Thus, even though you don’t have any more evidence than you did before, you wind up with a subjective sense that the evidence has sufficiently mounted-which conveniently lets you feel better about coming to a conclusion and moving on to something else.
It’s not entirely unreasonable. Suppose, for instance, there is only one salient piece of evidence in a given situation, and you’re found it. You might not know it, but you’ve got 100% of the info anyone could ever find. Systematically searching and finding nothing elsewhere should eventually bring you to a point where you know that, yes, you’ve looked everywhere, and can therefore be confident that you know all of the relevant facts.
That said, in the real world there is no way to know for sure just how much evidence is out there, whether you’ve looked in all of the right places for it, or-for that matter-whether you have properly recognized evidence (or a lack thereof) when you were looking at it.
Muddying the waters further is the matter of subjectively creating evidence where none really exists, or seeing something that should be considered evidence but deciding that it really isn’t. Interpreting imaging-cases, the best example of this I can think of is artifact. Is that a lesion, or motion-blur? Are those a few pixels of contrast-enhancement, or partial volume-averaging?
This isn’t confined to the interpretation of diagnostic imaging, although it is a tidier and more readily-observed phenomenon in our professional venue: We’ve got dozens, if not hundreds, of compartmentalized events (cases to read) per day, each of which is a closed system: There are a finite number of images, and a finite number of things on them to look at.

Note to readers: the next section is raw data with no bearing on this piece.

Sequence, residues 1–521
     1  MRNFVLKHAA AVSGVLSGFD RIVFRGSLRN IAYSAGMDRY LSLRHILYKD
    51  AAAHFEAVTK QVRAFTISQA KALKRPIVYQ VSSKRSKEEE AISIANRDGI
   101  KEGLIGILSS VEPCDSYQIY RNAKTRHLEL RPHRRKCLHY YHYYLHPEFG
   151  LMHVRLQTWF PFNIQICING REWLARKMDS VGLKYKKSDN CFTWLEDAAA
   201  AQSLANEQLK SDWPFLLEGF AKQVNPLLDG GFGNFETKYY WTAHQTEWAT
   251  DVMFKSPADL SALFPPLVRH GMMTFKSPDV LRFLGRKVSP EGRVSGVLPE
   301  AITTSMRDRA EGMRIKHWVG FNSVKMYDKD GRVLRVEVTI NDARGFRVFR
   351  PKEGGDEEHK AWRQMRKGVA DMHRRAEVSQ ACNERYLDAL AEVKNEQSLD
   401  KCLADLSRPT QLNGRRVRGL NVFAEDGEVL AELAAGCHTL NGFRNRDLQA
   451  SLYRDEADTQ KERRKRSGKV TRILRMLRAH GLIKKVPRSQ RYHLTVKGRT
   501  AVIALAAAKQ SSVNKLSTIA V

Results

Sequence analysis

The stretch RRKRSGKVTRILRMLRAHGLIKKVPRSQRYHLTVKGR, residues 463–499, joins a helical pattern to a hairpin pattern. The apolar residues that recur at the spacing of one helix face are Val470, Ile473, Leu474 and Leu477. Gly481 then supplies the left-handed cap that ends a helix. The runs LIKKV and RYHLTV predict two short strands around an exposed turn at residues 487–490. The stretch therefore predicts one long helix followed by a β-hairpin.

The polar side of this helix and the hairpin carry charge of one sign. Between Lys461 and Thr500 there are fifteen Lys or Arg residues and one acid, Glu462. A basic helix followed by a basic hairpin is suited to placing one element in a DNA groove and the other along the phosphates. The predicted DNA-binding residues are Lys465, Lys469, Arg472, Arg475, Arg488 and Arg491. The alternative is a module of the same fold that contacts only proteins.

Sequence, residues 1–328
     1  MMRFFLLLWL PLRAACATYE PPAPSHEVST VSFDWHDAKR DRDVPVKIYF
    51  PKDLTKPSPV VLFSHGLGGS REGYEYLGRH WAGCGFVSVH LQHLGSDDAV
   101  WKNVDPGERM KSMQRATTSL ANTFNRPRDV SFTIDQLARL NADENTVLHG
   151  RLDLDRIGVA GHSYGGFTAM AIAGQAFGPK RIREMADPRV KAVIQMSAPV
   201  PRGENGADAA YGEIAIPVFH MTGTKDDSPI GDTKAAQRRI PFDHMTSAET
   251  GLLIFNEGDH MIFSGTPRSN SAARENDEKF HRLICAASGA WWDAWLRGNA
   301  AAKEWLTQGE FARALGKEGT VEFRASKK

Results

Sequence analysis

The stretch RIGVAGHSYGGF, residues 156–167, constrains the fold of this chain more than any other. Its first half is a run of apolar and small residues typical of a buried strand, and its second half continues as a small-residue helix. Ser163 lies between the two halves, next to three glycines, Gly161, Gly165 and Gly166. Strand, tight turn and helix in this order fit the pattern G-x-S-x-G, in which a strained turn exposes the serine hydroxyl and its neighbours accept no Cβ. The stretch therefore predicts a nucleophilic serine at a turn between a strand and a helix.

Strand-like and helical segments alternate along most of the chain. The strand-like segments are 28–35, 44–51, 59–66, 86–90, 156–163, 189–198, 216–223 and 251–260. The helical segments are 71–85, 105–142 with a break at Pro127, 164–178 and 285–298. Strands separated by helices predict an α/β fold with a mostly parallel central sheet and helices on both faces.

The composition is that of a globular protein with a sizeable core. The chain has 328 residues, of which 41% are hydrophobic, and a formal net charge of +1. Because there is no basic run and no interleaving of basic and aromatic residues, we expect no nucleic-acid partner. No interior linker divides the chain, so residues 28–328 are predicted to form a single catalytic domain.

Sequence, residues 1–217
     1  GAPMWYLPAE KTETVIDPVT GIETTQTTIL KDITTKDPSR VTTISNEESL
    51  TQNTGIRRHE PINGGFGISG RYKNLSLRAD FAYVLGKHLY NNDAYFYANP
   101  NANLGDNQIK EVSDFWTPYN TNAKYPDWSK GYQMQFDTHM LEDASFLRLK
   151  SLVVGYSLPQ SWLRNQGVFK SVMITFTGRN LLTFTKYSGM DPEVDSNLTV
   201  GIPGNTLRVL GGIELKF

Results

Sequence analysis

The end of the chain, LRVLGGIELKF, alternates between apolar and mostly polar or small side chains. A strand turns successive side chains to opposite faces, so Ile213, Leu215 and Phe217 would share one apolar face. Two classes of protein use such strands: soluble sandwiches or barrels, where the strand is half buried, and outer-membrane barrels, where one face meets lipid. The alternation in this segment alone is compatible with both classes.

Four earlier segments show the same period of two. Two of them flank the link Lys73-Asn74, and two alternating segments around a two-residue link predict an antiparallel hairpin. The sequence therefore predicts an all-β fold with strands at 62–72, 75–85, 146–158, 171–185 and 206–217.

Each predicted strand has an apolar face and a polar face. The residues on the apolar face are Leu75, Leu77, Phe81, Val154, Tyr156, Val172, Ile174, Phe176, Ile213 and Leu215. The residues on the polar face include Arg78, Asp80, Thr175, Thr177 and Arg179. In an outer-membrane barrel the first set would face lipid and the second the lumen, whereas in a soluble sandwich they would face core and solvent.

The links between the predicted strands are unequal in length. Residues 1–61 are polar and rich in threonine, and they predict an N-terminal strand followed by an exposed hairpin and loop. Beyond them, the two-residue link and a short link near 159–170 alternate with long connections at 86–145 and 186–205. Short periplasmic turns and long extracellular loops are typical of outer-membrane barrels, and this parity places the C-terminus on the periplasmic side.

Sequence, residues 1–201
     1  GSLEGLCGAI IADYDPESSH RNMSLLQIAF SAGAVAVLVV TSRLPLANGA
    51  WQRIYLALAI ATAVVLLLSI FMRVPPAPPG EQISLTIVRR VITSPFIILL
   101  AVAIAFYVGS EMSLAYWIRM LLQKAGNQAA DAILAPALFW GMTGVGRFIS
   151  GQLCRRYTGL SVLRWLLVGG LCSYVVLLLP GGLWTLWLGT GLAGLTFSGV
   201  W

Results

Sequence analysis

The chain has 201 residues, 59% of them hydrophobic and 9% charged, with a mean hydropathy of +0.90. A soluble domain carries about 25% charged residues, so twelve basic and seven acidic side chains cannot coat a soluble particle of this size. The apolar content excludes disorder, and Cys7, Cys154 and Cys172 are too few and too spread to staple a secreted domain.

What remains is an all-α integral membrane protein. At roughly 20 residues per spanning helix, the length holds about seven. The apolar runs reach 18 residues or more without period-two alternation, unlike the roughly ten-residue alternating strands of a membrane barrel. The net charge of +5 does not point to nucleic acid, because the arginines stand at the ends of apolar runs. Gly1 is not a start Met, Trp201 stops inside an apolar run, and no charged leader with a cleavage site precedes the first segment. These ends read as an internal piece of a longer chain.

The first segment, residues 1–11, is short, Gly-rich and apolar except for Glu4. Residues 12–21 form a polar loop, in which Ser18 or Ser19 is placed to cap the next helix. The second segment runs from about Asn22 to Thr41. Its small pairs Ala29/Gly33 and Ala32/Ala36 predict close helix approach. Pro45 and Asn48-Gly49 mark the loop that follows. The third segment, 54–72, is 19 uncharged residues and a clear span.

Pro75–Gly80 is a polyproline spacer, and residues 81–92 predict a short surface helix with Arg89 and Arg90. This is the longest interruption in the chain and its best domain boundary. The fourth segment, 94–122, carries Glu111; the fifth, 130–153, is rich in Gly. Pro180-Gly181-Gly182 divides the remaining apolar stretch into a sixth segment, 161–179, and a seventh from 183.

Related article: The End of Radiologists?
Outside of rad-work, I find it equally important to remain on guard against the artificial sensation of mounting evidence. Particularly in my work as a telerad, working for the past 7.5 years in a home-office. A telerad’s contact with colleagues, support-staff, and referring clinicians tends to be on an as-needed basis via email, instant-message, and phone-compared to a conventional, on-site position, where one has routine in-person interactions.
Take away all of that in-person stuff, and a lot of the “evidence” we use-facial expressions, tones of voice, chatting unrelated to actual work-goes away. This is stuff that, consciously or otherwise, we use to know where we stand with other folks, what’s of interest to them, their personality quirks, etc.
Without this, it’s a lot easier to “fill in the blanks” and come to erroneous conclusions. For instance, suppose someone sends a brief email or instant message. Maybe that’s just their style, or they were pressed for time. But maybe the recipient takes that as terse, angry, even hostile. Look up the difference between “k” and “kk,” for example.
Knowing how readily such misunderstandings can happen, one might make special efforts (some might say bend over backwards) to prevent them. I’ve found such efforts to be very much worthwhile as I’ve gotten longer in the teleradiological tooth.